Here’s a view of the rooms of the Sanctuary, all assembled from local basements, attics, and donations.
As you enter the original 1833 door, you come upon the meeting room, which is where the weekly meditation group gathers and where we host lectures about diverse topics such as sustainable agriculture, organic farming, and animal care.
The kitchen and surrounding breakfast room is where our volunteers gather for early morning coffee (we have a commercial Bunn coffee machine for an endless pot of organic blends). We will be hosting farm to table events using all Unity Farm products starting this Spring.
The office is where we interview volunteers, have private meetings, and arrange animal placements. The 1760's grandfather clock is still accurate to the second.
The library is filled with animal care books and natural artifacts from the surrounding ecosystem.
The bedrooms upstairs are where people stay during our retreats and overnight events. We’ve completed the restoration of 4 rooms thus far.
In the Schoolhouse bedroom, you’ll find a desk from the early 1800s where a local student spilled ink while practicing penmanship on the wood - he/she wrote "Boston, Concord, Eastport (a historical reference to Cape Cod)" in perfect script. The low post bed is a New England country style design found in rural homes during the second half of the 18th Century.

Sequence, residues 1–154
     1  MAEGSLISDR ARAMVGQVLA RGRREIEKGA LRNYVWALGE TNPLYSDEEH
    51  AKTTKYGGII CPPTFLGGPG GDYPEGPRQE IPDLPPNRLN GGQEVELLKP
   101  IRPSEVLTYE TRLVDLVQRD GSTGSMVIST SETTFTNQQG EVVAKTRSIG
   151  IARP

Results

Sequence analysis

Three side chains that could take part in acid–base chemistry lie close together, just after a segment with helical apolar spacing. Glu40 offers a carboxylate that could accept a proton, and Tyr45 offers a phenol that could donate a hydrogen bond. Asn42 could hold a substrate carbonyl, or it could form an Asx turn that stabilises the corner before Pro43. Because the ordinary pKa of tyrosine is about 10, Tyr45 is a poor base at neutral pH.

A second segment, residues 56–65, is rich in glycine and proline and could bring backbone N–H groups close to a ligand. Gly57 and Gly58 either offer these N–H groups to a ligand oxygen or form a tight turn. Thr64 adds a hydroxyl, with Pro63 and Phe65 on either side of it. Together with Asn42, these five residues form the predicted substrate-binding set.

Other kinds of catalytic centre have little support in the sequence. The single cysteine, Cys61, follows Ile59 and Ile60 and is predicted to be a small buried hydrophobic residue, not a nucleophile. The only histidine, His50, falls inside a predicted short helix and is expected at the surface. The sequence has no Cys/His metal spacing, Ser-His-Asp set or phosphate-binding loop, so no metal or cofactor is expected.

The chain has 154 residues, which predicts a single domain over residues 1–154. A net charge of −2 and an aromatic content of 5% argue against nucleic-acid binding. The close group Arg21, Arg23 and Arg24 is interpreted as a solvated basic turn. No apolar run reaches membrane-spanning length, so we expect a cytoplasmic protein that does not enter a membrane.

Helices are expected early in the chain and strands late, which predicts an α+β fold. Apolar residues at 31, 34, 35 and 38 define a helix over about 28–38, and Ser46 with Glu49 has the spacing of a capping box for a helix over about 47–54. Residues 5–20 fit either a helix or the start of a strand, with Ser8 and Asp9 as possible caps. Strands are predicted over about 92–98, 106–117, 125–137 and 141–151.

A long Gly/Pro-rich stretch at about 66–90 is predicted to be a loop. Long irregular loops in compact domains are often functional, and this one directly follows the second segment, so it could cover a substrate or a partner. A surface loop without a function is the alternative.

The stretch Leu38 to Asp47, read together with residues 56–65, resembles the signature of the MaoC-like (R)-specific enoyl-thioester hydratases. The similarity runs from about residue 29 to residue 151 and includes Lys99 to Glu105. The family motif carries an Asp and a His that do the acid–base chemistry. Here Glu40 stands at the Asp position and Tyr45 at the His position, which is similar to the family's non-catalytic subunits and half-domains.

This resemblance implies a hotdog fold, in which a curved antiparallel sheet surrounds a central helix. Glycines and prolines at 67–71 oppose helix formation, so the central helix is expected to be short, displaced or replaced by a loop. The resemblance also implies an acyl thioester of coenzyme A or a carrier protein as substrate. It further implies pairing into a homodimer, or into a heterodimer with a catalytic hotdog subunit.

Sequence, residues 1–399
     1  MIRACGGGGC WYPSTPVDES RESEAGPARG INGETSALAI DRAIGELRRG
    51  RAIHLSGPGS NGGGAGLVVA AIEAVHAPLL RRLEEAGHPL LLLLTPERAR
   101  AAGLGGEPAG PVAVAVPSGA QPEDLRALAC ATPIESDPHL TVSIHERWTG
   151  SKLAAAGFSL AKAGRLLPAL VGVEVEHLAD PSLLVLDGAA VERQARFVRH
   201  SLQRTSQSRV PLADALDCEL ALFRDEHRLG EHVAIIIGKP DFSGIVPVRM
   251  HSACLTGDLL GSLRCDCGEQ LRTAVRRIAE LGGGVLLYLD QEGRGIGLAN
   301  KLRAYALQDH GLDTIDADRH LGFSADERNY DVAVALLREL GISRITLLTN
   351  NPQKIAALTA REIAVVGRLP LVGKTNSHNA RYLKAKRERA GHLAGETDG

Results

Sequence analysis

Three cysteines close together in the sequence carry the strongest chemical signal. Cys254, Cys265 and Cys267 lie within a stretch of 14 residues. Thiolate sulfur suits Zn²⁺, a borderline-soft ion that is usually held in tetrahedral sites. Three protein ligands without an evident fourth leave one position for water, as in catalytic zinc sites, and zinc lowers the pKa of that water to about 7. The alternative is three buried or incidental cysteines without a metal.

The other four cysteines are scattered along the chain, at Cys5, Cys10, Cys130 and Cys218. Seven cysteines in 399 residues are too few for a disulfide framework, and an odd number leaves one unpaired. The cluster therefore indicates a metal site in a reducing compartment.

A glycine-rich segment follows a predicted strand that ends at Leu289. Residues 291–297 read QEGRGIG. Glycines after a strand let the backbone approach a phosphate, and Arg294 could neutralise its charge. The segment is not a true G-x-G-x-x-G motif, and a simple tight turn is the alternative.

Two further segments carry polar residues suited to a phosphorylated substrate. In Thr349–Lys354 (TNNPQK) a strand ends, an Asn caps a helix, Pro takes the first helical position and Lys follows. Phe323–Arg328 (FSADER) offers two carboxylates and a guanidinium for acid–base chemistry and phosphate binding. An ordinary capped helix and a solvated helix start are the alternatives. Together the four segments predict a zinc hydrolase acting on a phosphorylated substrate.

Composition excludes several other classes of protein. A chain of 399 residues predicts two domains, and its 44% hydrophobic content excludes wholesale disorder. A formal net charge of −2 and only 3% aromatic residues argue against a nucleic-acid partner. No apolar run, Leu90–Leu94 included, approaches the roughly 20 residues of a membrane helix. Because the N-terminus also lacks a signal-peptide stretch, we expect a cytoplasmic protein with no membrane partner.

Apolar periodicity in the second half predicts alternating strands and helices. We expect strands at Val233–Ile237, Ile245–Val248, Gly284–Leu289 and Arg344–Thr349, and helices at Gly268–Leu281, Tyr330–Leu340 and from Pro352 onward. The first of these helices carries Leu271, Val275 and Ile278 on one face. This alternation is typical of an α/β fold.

In the Brass bedroom, you’ll find an 1800’s brass bed, a 1700’s maple dresser, and rocking chair overlooking the goat paddock
In the French bedroom, you’ll find an 1800’s french bed (which I rebuilt to modern mattress sizing) and a collection of 1700’s horse lithographs
In the Pineapple bedroom, you’ll find a chest owned by an 1800’s Brown University professor and a traditional New England pineapple bed, as well as an 1800’s rocking horse.
Next week, I'll post photographs of the Williamsburg bedroom with it’s 1760’s bed and clawfoot bathtub. We’re restoring the room color paint to an early 1800’s grey-blue.
The loft is a 1000 square foot space with a distressed wood floor looking out over the horse paddocks. The yoga classes, silent retreats, and art events are held here.
By April, our work on the buildings will be done and we’ll focus on the new new animal rescue areas. When we plan a paddock and run in, we pay special attention to manure management, rotation of animals so that the land has a chance to recover, and utilities (electical/water). Here’s a map of that shows the new acre of animal areas between the farmhouse and the sanctuary. We’ve given a great deal of thought to workflow, so that volunteers can easily move animals from paddock to paddock without difficulty. You’ll see that every care area is connected with lanes and gates, so that no volunteer can lose an animal.
Palmer the turkey is really adapting well and he’s a well established member of the community. In a few weeks, we’ll hear about possible donkey and sheep adoption. In the meantime, we continue to support all the creatures of Unity Farm Sanctuary in the cold, wind and snow of the waning 2017 winter.